by Lois W. Banner
Knopf, 369 pp., $20.00
Skin to Skin: Eroticism in Dress
by Prudence Glynn
Oxford University Press, 157 pp., $19.95
What is Beauty? The question has been debated on every level from the highest and most philosophical to the lowest and most pornographic, with opponents sometimes coming to blows over the rival charms of their ideal or real mistresses. Is She (for Beauty is traditionally female) a Platonic idea or a passing fancy? And, if corporeal, is she deliciously svelte, desirably stout, or divinely strong?
From the commercial point of view, we know, it is unimportant how Beauty is defined. What matters is, first, that the current definition with its hidden terms and imperatives should be universally accepted. (Gentlemen Prefer Blondes, who Have More Fun: if you are not a blonde, you will have less fun, and you will not be preferred by gentlemen; or—possibly worse—the men who prefer you will not be gentlemen.) Second, beauty should seem difficult to achieve and even harder to maintain. And finally, its pursuit should involve the greatest possible expenditure. For maximum profitability, fashion must be as artificial as possible, as tyrannical as possible, and as conventional as possible. Any falling-off from this standard reduces profits for someone. If I am perfectly content with medium-brown straight hair and comfortable old clothes, I am a danger not only to manufacturers of cosmetics and clothing but to newspapers, magazines, and television, all of which depend for their survival on advertising.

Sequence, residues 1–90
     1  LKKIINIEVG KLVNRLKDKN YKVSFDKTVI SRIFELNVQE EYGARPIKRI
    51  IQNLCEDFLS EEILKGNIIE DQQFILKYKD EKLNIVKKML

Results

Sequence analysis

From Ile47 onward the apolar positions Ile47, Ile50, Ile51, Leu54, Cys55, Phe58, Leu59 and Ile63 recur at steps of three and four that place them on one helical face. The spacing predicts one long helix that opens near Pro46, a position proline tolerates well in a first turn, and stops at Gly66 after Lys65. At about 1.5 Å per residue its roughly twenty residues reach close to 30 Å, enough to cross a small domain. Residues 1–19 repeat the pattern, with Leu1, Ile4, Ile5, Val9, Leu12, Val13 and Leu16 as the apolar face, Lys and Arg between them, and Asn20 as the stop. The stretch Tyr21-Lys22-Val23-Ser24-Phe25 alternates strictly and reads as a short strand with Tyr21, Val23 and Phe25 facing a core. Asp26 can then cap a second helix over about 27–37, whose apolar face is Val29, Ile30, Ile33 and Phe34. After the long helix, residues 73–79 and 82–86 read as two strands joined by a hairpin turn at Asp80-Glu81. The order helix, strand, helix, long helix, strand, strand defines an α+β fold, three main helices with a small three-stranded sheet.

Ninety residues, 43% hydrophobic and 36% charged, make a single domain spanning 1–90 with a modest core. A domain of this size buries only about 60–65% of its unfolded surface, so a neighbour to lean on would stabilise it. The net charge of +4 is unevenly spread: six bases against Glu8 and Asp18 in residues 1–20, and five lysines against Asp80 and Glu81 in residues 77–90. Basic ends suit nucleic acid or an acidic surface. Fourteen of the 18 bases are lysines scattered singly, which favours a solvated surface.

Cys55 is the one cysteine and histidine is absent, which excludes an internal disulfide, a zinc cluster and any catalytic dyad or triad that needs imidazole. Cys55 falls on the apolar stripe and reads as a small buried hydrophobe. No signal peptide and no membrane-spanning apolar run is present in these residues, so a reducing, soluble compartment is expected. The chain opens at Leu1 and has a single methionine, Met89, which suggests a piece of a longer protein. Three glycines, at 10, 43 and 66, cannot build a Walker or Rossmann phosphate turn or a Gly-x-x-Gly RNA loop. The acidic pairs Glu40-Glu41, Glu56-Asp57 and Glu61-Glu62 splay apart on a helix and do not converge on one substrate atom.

The most desirable mental state for a potential consumer, as Betty Friedan first pointed out, is a kind of free-floating anxiety and depression, combined with a nice collection of unrealistic goals and desires. To promote this frame of mind, advertisements announce that “you can be beautiful” and depict women of an inhuman, air-brushed perfection of face and figure on Caribbean beaches and in expensive restaurants and large shiny cars, being admired by large shiny men. The undeclared terms of the argument are: “If you were beautiful, you would live like this,” and “You are not beautiful now.”
For anyone who is feeling depressed about his or her appearance, Lois Banner’s American Beauty is an excellent antidote. This detailed history of the changing standards of beauty from about 1830 to 1950 (with a glance at more recent developments) records the tremendous efforts that have gone into promoting the current style of looks over the years. It also—like Kenneth Clark’s The Nude (not mentioned, but obviously a precursor)—proves that almost all of us would have been considered devastating if we had had the luck to be born at the right time and place.
Though American Beauty does not, as its jacket claims, cover two centuries “of the American idea, ideal, and image of the beautiful woman,” in most other ways it performs far more than it promises. Lois Banner’s approach to her subject, as befits the work of a serious social historian, is exhaustive. She is interested in fashions in personality, manners, and morals as well as in appearance. She has studied not only the history of dress and …